Does religious attendance protect against depression? That was the tantalizing suggestion of a recent study by University of Saskatchewan researchers Marilyn Baetz, Lloyd Balbuena and Rudy Bowen published in the April issue of the Canadian Journal of Psychiatry. Key among their findings wasthat people who attended religious services at least once monthly had a 22 percent lower incidence of clinical depression compared with those who never attended.
The researchers drew on data from the National Population Health Survey, which tracked more than 12,000 Canadians from 1994 to 2008. “Individuals were surveyed every two years and changes in depression, health and religion were monitored,” says Dr. Baetz, head of the university’s department of psychiatry.
While the researchers did not differentiate between different faiths, in the baseline year, about 80 percent of people were from Christian denominations. The researchers controlled for the social support that religious attendance provided people and found that there was still an impact beyond that.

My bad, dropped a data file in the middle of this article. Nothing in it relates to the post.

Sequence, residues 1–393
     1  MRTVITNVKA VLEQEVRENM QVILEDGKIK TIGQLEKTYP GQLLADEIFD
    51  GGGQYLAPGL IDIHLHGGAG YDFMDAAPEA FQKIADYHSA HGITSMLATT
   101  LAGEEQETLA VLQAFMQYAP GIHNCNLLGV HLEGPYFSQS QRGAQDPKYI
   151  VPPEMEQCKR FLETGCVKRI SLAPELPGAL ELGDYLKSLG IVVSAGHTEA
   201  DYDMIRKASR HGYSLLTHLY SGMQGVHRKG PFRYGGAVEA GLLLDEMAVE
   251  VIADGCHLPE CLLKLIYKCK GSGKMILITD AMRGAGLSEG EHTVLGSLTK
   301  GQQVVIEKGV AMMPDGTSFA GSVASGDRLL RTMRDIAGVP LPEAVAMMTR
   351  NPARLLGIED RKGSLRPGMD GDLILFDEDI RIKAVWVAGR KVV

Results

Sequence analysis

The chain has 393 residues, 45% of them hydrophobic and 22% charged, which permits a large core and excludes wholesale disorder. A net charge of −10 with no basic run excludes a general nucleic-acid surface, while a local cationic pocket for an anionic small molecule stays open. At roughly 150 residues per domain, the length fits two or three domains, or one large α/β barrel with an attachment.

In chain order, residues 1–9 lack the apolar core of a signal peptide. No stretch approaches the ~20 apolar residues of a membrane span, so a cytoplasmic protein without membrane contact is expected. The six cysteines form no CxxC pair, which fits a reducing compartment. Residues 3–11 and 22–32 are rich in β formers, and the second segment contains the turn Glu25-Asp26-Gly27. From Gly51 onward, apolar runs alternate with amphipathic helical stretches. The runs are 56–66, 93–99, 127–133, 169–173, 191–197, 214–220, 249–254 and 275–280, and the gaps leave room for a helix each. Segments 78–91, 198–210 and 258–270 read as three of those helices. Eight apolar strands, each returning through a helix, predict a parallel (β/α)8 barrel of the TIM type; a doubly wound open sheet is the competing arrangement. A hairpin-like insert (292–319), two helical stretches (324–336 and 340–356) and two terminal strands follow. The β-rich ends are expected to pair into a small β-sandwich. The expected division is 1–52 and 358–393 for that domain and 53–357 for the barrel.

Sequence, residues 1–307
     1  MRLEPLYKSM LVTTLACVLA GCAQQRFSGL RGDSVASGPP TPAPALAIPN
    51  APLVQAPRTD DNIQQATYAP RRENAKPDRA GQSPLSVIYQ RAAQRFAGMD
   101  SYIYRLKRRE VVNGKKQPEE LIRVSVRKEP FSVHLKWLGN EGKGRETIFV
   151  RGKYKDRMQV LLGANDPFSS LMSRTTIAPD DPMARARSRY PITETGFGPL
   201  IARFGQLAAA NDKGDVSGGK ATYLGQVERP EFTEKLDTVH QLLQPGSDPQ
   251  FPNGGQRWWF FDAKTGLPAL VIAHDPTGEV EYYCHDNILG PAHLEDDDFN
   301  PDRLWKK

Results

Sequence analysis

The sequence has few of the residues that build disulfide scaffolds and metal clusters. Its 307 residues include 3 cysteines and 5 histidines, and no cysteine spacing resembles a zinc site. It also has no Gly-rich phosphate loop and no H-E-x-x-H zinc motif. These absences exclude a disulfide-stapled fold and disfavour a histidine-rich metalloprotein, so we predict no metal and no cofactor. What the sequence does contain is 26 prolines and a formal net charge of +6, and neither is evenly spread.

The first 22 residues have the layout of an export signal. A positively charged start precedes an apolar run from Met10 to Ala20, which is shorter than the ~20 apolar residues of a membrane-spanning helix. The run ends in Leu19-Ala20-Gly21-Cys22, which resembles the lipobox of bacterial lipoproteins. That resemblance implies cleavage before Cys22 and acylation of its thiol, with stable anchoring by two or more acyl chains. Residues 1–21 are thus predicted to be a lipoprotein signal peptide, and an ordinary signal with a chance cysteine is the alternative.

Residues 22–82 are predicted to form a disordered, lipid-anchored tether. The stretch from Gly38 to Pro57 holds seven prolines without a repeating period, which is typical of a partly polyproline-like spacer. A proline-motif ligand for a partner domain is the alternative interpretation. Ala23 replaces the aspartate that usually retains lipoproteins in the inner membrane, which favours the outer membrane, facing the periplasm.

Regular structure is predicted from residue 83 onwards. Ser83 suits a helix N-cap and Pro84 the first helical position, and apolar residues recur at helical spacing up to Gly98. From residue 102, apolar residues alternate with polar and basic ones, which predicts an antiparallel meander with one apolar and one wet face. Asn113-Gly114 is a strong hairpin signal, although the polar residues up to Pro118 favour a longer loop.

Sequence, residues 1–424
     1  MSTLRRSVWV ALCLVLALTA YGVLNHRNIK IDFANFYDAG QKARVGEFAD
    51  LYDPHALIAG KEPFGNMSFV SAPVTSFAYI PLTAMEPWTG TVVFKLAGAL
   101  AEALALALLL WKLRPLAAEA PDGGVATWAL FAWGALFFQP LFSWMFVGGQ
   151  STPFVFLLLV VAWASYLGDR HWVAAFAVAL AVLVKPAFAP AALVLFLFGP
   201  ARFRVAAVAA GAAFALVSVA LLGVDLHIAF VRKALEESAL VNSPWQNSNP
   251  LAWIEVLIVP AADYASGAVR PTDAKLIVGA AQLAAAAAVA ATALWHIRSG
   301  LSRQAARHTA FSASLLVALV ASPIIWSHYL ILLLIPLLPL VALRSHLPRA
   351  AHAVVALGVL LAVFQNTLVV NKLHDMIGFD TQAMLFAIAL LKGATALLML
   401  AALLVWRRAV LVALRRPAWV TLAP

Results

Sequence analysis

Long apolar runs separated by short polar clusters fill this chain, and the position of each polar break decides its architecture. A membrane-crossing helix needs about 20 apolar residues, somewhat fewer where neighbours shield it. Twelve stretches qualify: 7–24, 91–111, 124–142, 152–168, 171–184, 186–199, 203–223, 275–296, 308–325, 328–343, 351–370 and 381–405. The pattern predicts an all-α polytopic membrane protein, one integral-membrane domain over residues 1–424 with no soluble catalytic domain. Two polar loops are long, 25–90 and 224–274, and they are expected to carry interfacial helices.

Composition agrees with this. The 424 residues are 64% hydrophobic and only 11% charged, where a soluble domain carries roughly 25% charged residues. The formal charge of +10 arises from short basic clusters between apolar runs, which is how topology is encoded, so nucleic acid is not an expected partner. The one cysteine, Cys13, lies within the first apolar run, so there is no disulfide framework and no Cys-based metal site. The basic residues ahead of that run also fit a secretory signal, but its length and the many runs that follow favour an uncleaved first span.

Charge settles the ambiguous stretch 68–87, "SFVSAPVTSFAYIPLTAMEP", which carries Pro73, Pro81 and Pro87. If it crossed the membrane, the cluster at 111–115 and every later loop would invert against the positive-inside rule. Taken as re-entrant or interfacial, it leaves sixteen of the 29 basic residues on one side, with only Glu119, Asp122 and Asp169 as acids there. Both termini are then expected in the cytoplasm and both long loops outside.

“Certainly, the element of ‘community’ is important,” Dr. Baetz says, but adds, “The ability to reframe life’s difficulties and give meaning to suffering are important pieces as well that religion can provide. We think that there may be an element of emotion regulation that occurs from regular attendance. And with enhanced ability to regulate emotions, there may be less chaos in one’s life or a better opportunity to deal with stressors.”
The study also found that those who called themselves spiritual but did not attend religious service did not experience any health benefits.
Dr. Baetz’s research in the area of spirituality and mental health began during her psychiatry residency; she worked with a psychiatrist who was interested by his patients who were religious and fearful of being involved in the psychiatric system. “We discovered that very little research was done regarding the relationship of religion to psychiatric illness,” she says.
In the future, Dr. Baetz says, “We would like to specifically look at whether religious attendance or spirituality can impact the ability to regulate our emotions, and if this might be one of the mechanisms by which there is an improvement in depression outcomes.”
But the same effects of group membership apply to joining any respected community. That is one reason people with depression are encouraged to join support groups.
The regulation of emotions is mitigated by joining a group, and the ‘uplifting’ can be of short or long-term duration.